Founders Spotlight: Josh Patterson & Wes McKinney of Voltron Data
Voltron Data: Revolutionizing the Way We Interact with data and Hardware
“Voltron Data is focused on making the data science ecosystem more efficient with modular and composable analytics building blocks. Modularity and composability help us build bridges—not walls—across the analytic ecosystem. ” said Josh Patterson, co-founder and CEO.
Voltron Data launched in February 2022 with $110 million in Seed and Series A funding, led by Walden Catalyst. In this blog post, the two co-founders, Josh Patterson and Wes McKinney share insights about their entrepreneurial journey:
Josh Patterson, co-founder and CEO of Voltron Data, got his first taste of entrepreneurship—and adversity—right out of college, when he took over his family’s commercial construction firm.
He’d been at the company for six years when the Great Recession hit and projects started to dry up. At a family barbecue in 2009, his father quietly took him aside and broke the news: “Josh,” he said. “You’ve done a great job running the company but there’s no new work, so maybe it’s time for you to move on.”
The family business ultimately survived the recession and went on to prosper but, at the time, Patterson took the hint. He left the company and secured a position at Freddie Mac, where he worked as an economic research analyst, delving into—of all things—housing market data and trying to piece together the roots of the financial crisis.
“That’s really when I started thinking about systems differently,” he says. “We had very weird internal clusters and I had to spend a lot of time manually mapping all the data back together.”
A better way to data interoperability
Patterson came to believe that there must be a better way to handle and process large sets of disparate data. And he held to this belief as he moved forward in his career. Several years after Freddie Mac, he took a job as senior director at Nvidia, where he created and led engineering for Rapids.ai, an end-to-end platform for executing data science on the Nvidia GPU.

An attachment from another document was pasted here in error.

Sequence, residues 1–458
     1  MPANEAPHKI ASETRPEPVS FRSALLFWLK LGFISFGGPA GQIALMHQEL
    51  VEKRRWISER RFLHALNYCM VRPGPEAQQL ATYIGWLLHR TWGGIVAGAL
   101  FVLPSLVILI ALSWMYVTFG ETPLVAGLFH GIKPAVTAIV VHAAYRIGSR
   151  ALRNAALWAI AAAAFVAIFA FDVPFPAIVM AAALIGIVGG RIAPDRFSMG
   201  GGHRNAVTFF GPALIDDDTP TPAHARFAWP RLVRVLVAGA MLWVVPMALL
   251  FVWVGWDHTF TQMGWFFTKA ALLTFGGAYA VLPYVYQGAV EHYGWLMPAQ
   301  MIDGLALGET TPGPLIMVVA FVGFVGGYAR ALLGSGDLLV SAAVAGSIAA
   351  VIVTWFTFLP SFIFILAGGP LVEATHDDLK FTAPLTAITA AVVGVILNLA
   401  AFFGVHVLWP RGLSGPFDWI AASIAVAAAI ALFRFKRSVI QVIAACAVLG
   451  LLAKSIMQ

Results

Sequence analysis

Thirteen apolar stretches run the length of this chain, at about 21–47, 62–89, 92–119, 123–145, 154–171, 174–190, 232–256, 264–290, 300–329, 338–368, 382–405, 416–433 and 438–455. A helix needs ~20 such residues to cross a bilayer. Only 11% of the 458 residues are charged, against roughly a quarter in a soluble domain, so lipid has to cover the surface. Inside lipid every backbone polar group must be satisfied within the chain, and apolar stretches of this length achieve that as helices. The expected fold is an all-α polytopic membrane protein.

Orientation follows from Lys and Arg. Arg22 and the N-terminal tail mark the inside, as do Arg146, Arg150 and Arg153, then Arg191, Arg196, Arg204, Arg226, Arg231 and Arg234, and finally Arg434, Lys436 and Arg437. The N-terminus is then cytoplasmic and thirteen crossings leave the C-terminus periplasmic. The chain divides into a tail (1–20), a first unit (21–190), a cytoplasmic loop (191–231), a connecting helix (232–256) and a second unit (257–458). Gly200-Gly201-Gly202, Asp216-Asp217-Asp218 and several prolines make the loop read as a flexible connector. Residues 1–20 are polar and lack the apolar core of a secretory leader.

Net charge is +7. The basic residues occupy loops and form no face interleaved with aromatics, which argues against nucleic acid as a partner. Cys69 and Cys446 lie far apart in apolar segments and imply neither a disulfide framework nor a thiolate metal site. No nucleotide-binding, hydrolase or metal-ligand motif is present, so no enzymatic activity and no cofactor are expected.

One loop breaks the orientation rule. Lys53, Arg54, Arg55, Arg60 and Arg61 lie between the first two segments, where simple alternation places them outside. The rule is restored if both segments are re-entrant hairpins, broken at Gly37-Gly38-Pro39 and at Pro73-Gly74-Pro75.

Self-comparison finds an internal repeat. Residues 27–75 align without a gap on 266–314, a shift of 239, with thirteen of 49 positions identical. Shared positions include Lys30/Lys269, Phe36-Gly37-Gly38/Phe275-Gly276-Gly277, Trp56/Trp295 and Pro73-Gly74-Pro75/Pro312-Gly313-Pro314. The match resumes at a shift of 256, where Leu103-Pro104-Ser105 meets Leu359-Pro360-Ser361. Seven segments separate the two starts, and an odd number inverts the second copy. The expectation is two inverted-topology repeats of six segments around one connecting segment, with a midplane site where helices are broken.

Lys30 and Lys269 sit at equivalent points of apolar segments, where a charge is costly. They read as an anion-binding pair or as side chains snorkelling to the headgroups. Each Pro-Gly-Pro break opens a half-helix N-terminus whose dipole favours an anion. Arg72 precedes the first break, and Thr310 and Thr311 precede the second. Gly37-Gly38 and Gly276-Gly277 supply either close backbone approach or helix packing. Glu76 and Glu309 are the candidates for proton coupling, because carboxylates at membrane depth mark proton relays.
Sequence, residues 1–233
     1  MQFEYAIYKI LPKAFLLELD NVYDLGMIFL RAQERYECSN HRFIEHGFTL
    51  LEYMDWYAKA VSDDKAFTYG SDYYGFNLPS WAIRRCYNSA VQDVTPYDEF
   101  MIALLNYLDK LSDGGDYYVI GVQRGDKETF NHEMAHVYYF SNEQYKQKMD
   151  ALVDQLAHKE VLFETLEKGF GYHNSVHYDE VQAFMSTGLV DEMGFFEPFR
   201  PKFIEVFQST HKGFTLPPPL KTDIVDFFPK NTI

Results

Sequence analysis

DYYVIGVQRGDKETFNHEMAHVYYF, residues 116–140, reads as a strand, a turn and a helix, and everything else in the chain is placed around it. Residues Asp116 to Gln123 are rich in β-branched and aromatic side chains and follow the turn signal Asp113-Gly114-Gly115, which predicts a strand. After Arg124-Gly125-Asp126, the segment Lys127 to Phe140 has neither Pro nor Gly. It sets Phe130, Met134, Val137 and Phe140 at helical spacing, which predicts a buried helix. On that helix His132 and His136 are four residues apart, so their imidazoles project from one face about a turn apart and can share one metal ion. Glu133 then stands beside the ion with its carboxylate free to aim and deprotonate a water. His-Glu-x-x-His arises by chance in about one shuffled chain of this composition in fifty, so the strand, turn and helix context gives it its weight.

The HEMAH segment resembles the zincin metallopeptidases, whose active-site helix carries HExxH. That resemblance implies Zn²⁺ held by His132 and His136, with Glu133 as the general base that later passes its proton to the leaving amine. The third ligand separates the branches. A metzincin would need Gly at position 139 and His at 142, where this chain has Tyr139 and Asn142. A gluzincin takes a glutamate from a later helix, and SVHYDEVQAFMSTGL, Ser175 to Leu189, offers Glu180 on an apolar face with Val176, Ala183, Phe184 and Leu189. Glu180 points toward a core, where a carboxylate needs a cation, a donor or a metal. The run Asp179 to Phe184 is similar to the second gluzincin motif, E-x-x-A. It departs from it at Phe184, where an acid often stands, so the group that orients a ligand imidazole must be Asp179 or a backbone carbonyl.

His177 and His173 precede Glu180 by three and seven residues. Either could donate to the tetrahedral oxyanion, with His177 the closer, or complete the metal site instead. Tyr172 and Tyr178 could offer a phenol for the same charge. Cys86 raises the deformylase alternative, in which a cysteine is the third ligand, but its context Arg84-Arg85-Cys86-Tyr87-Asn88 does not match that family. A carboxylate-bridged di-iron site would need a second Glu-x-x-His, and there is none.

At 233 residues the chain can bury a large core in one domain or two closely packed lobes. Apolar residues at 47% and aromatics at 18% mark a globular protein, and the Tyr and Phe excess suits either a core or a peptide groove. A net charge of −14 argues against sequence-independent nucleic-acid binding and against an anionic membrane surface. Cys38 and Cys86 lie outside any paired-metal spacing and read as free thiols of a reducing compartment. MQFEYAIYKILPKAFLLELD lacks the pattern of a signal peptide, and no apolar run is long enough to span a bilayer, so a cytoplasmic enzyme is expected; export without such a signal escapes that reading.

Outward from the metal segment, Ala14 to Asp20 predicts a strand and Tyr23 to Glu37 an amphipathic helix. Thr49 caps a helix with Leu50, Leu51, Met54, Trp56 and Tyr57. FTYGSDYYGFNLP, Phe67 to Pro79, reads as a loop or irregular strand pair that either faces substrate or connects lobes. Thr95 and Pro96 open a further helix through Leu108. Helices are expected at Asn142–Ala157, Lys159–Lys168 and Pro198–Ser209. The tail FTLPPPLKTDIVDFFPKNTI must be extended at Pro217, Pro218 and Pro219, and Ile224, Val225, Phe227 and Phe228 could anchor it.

At Nvidia, Patterson continued to focus on the problem of delivering efficient and fast data interchange. He met others interested in the same problem, including Wes McKinney, Rodrigo Aramburú and Darren Haas, who would go on to be his co-founders at Voltron Data.
McKinney recently assisted in the creation of Apache Arrow, a multi-language toolbox for accelerated data interchange and in-memory computing that was quickly becoming the de facto standard for seamless interoperability among computing engines, modern computing hardware and programming languages.
“One of the motivations I had with helping to start the Apache Arrow project was to bring standardization not only at the data interoperability level but also to enable the standardization of computing engines for data science,” says McKinney.
The goal of Arrow, McKinney says, is to enhance seamless connectivity across programming languages and to help accelerate analytics on modern computing hardware. “That’s actually how I came to meet Josh, because he was at Nvidia looking at how to expand the use case for GPUs beyond deep learning to AI and data science.”
McKinney noticed that there were actually many groups of developers in the Apache Arrow ecosystem were working to accelerate various layers of the modern data analytics stack from different directions. “I think each group felt limited in certain ways and thought there were missed opportunities for collaboration,” explains McKinney. “That’s when we saw the opportunity to create a unified, accelerated computing company built around the Apache Arrow project; we think that the future of analytical computing is ‘Arrow-native’, and by working together we can make that happen faster.”